I’ve previously written about the importance of courage and discipline for agile teams, so let’s review another important quality – respect. The Oxford English Dictionary provides two definitions for which are apropos:
- A feeling of deep admiration for someone or something elicited by their abilities, qualities, or achievements.
- Due regard for the feelings, wishes, or rights of others.
You might think that showing an appropriate level of respect is table stakes for anyone in any role regardless of their being an individual contributor or part of a team. That is true, but there are many dimensions to respect which need to be considered. Here are just five which I expect to see in practice in mature teams along with a few examples of how we fall short with each.
Respect for the organization’s resources
Producing excessive or unnecessary documentation, inviting people to meetings who don’t need to be there or not running disciplined meetings, and not regularly inspecting and adapting ceremonies or other delivery practices are just a few ways in which we needlessly squander the limited financial resources of our organizations.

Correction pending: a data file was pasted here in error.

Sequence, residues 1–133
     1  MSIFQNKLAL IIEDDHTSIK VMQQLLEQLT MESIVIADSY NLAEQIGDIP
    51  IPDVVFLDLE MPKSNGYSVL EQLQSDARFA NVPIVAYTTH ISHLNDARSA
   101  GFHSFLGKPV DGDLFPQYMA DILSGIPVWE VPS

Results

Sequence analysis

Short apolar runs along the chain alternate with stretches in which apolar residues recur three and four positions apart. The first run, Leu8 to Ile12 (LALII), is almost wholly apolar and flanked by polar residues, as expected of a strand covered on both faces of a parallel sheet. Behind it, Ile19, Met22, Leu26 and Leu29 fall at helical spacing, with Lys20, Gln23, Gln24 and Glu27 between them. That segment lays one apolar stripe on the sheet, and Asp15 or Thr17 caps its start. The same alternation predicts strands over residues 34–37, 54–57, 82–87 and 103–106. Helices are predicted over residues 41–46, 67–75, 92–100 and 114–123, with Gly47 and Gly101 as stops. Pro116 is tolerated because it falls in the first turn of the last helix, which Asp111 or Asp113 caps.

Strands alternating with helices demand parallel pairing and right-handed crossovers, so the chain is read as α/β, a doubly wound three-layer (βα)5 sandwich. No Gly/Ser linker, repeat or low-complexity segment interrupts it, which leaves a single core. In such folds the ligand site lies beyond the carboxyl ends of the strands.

Respect for our customer
Publishing out-of-date or inaccurate content in information radiators, failing to engage our customer in key ceremonies or the product decisions which they should have been involved in, avoiding the escalation of key blockers which our customers could have resolved or releasing low quality products just to hit a deadline are all examples of disrespect for these critical stakeholders.
Respect for our product
Skipping quality assurance procedures because we don’t have time, ignoring our Definition of Done just to say we completed our sprint backlogs, kicking low severity defects down the backlog, ignoring technical debt and regular refactoring show that we don’t really respect what we are producing.
Respect for each other
Making sprint commitments without full team participation, gold plating, showing up late for ceremonies, listening to make our point rather than actively listening, multitasking when we should be focused on what someone is saying, hoarding knowledge, not offering to help a team member when we are ahead on our work, and not having the courage to raise impediments which affect the entire team during daily standups or retrospectives demonstrate that we are putting our agendas and egos ahead of team success.
Respect for ourselves
Blindly following poor decisions without challenging them, making a sprint commitment which we know we can’t achieve, refusing to ask for help when it would result in more efficient, higher quality outcomes and failing to invest in ourselves (e.g. personal development, sleep, exercise) are common ways in which we make it difficult to look at ourselves in the mirror.
Confucius said it right: Without feelings of respect, what is there to distinguish men from beasts?